“Program evaluation, as a concept and process of weighing, interpreting, and subsequently making judgments about data collected from multiple components of programming” (Billings & Halstead). While the Canterbury District Health Board as cited by Fineout-Overholt & Johnston (2007), states that “evaluation is assessment of both processes and outcomes of a program or implementation. ” Irrespective of the fact that evaluation is the final step of Evidence Base Practice process, it should be an ongoing process, necessary all through the stages of EBP, to ensure that quality of plans and process.
Evaluation of the evidence, implementation process and it’s effectiveness, before the dissemination to stakeholders, is an imperative. Hence, to ensure a comprehensive evaluation, certain factors have to be considered in the methodology and variables as it applies to the evidence sought in the project, it’s application and purpose, in order to yield the desired outcome for dissemination.
These factors include; reasons for the evaluation, having a time frame, choosing the appropriate time to evaluate, who the evaluators will be and having an evaluation design or framework. It is also important to select an evaluation instrument, consider the data collection process, it’s analysis, manner in which results are reported, how they will be used and the costs of evaluation. In consideration of my choice of Evidence Base Practice project, which is using diet and exercise to control glycaemia and reduce complications in type 2 diabetes patients.Order now
The implementation logistics involved the use of strategic methods, such as health education of participants by nurses, dietitians, using power point presentations, healthcare model, leaflets, fliers, display of diet foods, measurements of weight and blood sugars, how to calculate food calories and the invitation of diet and exercise companies, to help motivate the patient’s participation in the project. “Consistent collection of data is crucial to a solidly documented program evaluation report,” (Gard, Flannigan & Cluskey, 2004).
To achieve a reliable and valid evaluation of data collected, to generate evidence, a post structured questionnaire was developed in the following context: What is their attitude to health, wellbeing and the having to deal with type 2 diabetes, pre and post program. Effectiveness and usefulness of the methods adopted in the implementation process, Pre and post perception about diet and exercise, as a necessary intervention and it’s effectiveness in glycaemic control and prevention of diabetes complications.
How motivated were they with the noted weight reduction, glycaemic control, provided incentives and cooperation received from diet and exercise companies and researchers. What role does culture, beliefs and socioeconomic factors, play in their choice of foods and it’s risk factors towards developing type 2 diabetes. Their overall impression of both positive and negative impact of the program.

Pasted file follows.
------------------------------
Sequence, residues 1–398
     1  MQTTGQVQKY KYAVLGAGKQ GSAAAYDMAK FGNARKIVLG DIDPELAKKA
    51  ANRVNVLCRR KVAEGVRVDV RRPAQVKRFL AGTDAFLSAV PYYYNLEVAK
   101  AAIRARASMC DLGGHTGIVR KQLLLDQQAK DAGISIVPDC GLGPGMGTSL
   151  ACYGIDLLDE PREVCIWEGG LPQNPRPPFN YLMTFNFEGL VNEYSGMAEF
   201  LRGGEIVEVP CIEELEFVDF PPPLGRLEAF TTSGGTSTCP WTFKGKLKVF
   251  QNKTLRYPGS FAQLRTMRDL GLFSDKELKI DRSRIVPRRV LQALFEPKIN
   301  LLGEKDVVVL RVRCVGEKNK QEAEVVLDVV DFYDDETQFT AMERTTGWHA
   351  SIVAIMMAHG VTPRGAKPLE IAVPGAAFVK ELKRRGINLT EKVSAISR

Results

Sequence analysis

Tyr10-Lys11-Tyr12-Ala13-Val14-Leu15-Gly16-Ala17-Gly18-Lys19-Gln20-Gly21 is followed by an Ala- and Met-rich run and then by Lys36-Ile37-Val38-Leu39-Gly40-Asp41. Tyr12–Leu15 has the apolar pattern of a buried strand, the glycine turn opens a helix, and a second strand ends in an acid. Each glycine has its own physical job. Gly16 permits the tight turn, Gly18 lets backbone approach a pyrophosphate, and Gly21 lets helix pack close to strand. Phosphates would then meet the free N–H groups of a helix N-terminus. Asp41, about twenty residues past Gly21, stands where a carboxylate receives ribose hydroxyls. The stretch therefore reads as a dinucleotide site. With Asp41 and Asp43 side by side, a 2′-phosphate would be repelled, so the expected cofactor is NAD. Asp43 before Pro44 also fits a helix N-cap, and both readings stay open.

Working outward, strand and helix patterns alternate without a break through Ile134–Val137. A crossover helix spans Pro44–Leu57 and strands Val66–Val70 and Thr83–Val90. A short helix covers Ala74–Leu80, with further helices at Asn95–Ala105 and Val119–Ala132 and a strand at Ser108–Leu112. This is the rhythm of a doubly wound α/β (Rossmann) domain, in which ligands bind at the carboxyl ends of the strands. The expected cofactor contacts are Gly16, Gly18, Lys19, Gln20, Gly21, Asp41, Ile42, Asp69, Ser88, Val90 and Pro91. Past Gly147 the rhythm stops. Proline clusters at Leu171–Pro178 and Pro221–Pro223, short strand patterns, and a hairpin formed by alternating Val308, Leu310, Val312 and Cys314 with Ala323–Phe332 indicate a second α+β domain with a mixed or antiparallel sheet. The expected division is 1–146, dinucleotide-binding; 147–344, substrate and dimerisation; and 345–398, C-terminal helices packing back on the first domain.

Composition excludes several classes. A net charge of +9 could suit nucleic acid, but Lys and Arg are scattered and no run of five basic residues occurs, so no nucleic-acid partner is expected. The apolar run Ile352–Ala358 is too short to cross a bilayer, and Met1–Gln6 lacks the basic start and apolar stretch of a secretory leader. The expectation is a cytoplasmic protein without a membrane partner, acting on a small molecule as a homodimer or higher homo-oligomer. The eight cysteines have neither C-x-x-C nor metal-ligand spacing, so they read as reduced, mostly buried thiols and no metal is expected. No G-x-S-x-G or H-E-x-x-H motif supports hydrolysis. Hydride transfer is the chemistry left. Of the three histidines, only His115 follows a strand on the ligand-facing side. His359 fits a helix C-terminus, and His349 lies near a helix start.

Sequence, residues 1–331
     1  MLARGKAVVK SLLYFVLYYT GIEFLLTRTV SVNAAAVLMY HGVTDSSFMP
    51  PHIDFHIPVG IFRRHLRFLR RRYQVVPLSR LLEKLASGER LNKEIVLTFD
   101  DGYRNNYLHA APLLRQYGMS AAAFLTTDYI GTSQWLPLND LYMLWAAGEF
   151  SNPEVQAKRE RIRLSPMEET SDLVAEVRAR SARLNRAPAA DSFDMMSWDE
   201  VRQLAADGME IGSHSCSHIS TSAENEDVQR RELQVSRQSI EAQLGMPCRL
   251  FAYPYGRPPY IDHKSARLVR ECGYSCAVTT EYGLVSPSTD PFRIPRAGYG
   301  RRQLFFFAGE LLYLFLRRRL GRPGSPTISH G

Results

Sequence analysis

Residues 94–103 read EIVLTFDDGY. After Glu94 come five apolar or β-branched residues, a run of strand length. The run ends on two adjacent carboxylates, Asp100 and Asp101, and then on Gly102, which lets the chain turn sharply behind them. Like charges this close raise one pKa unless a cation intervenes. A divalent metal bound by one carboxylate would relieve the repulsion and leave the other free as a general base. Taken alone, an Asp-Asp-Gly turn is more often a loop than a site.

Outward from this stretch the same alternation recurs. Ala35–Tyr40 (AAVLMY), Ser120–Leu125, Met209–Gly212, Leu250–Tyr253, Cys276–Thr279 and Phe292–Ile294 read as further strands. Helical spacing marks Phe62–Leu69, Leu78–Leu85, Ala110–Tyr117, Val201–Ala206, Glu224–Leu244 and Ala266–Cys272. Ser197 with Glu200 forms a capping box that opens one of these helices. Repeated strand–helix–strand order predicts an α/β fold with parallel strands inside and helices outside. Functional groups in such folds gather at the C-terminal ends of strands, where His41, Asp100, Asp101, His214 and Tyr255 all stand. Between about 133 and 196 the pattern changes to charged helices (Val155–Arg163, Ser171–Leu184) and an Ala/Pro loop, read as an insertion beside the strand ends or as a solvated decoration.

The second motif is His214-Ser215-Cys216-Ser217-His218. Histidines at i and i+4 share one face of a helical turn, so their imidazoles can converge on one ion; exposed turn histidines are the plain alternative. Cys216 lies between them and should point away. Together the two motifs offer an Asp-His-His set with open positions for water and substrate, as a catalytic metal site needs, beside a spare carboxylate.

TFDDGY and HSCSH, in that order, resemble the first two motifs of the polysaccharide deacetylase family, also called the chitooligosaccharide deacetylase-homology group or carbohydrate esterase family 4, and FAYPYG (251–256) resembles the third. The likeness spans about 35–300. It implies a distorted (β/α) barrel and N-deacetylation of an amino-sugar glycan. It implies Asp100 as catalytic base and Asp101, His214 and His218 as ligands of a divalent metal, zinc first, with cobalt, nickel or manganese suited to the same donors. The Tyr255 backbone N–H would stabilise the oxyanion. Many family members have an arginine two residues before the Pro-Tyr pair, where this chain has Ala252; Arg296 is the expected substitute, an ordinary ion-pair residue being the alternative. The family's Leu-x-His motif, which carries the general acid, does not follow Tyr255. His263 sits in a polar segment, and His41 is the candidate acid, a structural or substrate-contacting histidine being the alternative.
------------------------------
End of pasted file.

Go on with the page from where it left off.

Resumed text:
In addition, to evaluate the staffs participant experience, a meeting was organized in sessions to ensure everyone’s input, also using a separate questionnaire, asking the following questions: How helpful, was the methods and program aids used in the process. Pre and post participation rate, taking into consideration, gender as a factor. Adequacy of project funds, resources and it’s effect on implementation their whole impression, attitude, perception about rating of the EBP choice and project processes.
In evaluating the above implementation methods employed, using above questionnaires, in a survey, patients attitude is expected to increase positively towards health and wellbeing, as reflected in their commitment to their scheduled appointments and care as opposed to their noncompliant attitude before the program. This in turn will encourage a positive staffs attitude, morale and perception of an evidence base practice process.
Further evaluation of patients and staffs perception on cultural influence, adequacy of project , materials and resources, will reveal a positive change in patients cultural beliefs about food types and their effects on glycemic control, compared to previously held beliefs by the Black Americans and Hispanics participants. While the nurses, doctors and dietitians will find, that culture and social economic factors has a huge role to play in the predisposition of minorities to type 2 diabetes.
In conclusion, the overall impression and rating by patients and staffs participant of the process according to evaluation survey, showed that the program will be a success because in addition to already existing evidence that diet and exercise can effectively reduce glycaemia and diabetic complications, as obtained from systemic reviews, interventions used were all appropriate for the process.
Demonstrating strengths that motivated staffs and patients participation to yield the needed evidence and limitations, that will prompt further studies, thereby continuing evidence base practice process. Supporting this is Menix ( 2007) that “evaluating various concepts, models, processes, and research findings provide evidence to design program outcome and best practices” (p. 207).
Fineout-Overholt, E., & Johnston, L. (2007). Evaluation: an essential step to the EBP process. Worldviews On Evidence-Based Nursing, 4(1), 54-59.
Gard C, Flannigan P, Cluskey M. Program evaluation: an ongoing systematic process. Nursing Education Perspectives . July 2004;25(4):176-179. Available from: CINAHL Plus with Full Text, Ipswich, MA
Menix K. Evaluation of learning and program effectiveness. Journal Of Continuing Education In Nursing . September 2007;38(5):201. Available from: CINAHL Plus with Full Text, Ipswich, MA.